The National in Port Moresby
Senior Papua New Guinean television journalist and columnist Scott Waide has challenged the government on what it actually wants to “regulate” in the draft national media development policy.
During a policy consultation workshop with media stakeholders in Port Moresby last Thursday, he said “in the media ecosystem, there are many professions”.
“There are radio broadcasters, directors, editors, producers, camera operators, photographers, engineers, who have to be licensed, ICT professionals, public relation professionals, bloggers, podcasters, video content producers, social media influencers and a whole heap of them.
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What do you want to regulate?” he asked.
“And there’s the problematic niche of news media and journalism. That’s the part politicians and legislators don’t really like.”
He said as a journalist, he was expected to follow rules which were enforced by the editor and the organisation.
“I am not supposed to lie, defame, slander, be disrespectful, harm, show nudity on the platform that I operate on. Those are the rules,” he said.
“And I disagree with the presenter from National Information and Communications Technology Authority (NICTA) who says self-regulation does not work. This is my self-regulation right here.
“I am supposed to be honest, have integrity, accuracy, provide contextual truth, transparency, have respect and fairness, and be independent.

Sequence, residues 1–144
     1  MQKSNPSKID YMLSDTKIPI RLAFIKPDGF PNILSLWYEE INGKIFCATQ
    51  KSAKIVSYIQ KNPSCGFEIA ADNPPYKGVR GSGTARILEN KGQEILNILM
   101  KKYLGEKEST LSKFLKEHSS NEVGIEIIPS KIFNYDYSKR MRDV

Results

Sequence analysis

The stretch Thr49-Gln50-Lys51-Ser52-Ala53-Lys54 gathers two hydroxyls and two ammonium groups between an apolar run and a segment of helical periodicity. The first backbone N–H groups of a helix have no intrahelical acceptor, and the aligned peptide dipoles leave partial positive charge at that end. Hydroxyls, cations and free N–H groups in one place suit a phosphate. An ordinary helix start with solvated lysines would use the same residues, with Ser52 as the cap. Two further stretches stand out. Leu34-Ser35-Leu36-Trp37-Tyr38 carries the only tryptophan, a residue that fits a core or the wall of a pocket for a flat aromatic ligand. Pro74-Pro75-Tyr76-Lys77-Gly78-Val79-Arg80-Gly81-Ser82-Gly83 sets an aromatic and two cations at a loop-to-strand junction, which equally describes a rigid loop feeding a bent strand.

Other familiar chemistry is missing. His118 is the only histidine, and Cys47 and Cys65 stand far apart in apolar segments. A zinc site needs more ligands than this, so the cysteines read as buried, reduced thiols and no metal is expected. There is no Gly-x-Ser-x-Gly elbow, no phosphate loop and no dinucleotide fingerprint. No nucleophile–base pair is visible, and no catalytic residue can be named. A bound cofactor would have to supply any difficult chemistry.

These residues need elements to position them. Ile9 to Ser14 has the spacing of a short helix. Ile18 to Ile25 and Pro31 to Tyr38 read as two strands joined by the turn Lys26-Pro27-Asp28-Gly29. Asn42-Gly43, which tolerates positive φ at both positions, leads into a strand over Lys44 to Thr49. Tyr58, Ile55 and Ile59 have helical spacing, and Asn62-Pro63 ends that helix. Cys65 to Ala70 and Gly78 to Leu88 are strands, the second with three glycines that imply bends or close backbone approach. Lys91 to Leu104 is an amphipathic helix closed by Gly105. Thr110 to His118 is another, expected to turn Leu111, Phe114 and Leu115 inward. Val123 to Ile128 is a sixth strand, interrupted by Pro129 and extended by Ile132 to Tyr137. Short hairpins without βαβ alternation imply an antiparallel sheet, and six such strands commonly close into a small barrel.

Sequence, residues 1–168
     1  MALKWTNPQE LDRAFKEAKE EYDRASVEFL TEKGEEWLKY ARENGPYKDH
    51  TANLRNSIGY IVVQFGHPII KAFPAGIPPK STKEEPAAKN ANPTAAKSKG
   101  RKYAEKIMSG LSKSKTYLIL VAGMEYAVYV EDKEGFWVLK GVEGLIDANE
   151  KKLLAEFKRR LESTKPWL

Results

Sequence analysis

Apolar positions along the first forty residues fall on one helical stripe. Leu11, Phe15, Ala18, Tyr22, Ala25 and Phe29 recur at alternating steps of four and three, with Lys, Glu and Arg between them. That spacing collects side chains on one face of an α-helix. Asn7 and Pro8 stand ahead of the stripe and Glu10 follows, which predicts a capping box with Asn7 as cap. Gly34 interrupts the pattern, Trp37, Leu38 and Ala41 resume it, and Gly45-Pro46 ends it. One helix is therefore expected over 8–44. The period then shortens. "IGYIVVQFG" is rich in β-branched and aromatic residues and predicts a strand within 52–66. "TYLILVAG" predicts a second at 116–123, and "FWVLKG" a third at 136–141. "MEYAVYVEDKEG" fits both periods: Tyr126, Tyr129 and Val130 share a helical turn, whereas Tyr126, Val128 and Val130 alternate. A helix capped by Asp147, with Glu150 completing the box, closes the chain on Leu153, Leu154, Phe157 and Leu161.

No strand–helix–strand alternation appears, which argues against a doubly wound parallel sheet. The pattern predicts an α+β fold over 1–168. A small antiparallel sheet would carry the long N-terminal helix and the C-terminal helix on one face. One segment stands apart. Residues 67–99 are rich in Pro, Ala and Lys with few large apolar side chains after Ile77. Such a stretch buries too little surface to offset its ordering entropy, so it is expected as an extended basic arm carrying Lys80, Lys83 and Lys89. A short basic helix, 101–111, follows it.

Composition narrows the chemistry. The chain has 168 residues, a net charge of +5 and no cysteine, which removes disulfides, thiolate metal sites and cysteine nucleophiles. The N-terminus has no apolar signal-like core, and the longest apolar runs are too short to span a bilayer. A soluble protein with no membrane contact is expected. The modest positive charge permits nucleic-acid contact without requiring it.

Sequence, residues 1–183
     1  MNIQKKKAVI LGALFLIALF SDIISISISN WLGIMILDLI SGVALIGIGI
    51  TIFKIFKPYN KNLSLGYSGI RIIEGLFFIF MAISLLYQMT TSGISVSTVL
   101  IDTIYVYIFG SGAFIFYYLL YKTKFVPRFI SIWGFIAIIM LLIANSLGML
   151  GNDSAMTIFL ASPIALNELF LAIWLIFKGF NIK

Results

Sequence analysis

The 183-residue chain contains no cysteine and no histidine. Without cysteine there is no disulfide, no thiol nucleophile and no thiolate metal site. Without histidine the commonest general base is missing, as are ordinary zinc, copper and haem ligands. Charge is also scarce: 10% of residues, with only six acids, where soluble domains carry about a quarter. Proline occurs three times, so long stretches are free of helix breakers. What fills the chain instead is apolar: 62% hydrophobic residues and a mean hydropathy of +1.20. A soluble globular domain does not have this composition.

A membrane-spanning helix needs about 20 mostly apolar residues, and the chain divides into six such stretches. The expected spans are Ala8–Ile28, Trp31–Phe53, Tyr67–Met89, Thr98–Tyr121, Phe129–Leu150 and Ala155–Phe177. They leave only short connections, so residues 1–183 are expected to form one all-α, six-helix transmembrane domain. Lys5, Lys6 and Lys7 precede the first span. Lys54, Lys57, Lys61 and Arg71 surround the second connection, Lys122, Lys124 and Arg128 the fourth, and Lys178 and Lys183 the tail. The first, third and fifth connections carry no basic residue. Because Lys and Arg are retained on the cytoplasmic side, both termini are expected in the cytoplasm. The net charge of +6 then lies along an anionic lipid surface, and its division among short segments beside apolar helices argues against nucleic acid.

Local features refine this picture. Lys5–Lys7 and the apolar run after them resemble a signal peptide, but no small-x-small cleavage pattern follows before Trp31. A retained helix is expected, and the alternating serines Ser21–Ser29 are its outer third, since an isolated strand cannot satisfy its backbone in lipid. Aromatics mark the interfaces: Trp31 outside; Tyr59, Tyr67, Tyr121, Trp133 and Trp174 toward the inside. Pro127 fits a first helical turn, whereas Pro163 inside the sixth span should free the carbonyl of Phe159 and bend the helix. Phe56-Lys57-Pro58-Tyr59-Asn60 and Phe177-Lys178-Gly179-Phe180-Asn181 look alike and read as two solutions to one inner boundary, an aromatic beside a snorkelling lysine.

“All these are already self-regulation in the industry.”
Ideas ‘will form basis of draft policy’
The media stakeholders have been told that their comments, sentiments and ideas shared during the workshop on the draft policy would form the basis of the next draft version.
Minister for Information and Communications Technology Timothy Masiu told the workshop that consultation was “ongoing”.
He denied that the proposed policy was an attempt by the government to regulate, restrict, censor or control the exercising of the freedom of expression or speech enshrined in the Constitution.
“Your comments, sentiments and ideas have been captured and will form the basis of the next version [of the draft policy],” he said.
“For those who are saying it’s a rushed thing, we had to start from somewhere.”
He added that the proposed policy was to outline “objectives and strategies for the use of media as a tool for development, such as the promotion of democracy, good governance, human rights, and social and economic development”.
Call for ‘meaningful’ consultation
Transparency International chairman Peter Aitsi called for proper, genuine and meaningful consultation, saying that it should not be a “three-week process”.
The first version of the draft policy was released on February 5 with 12 days allowed for review, the second was released with six days for review, and the most recent one was on Wednesday — a day before the workshop.
Department of Information and Communications Technology Deputy Secretary (Policy) Flierl Shongol said his team had noted all the comments.
“We’ve got some comments in written form. We’ve also taken notes of comments presented in this workshop. So, we will respond to those comments,” he said.
“You can also respond to tell us if our response actually reflects your views. [It] will form the basis of the next policy that will come out.”
Republished from The National with permission.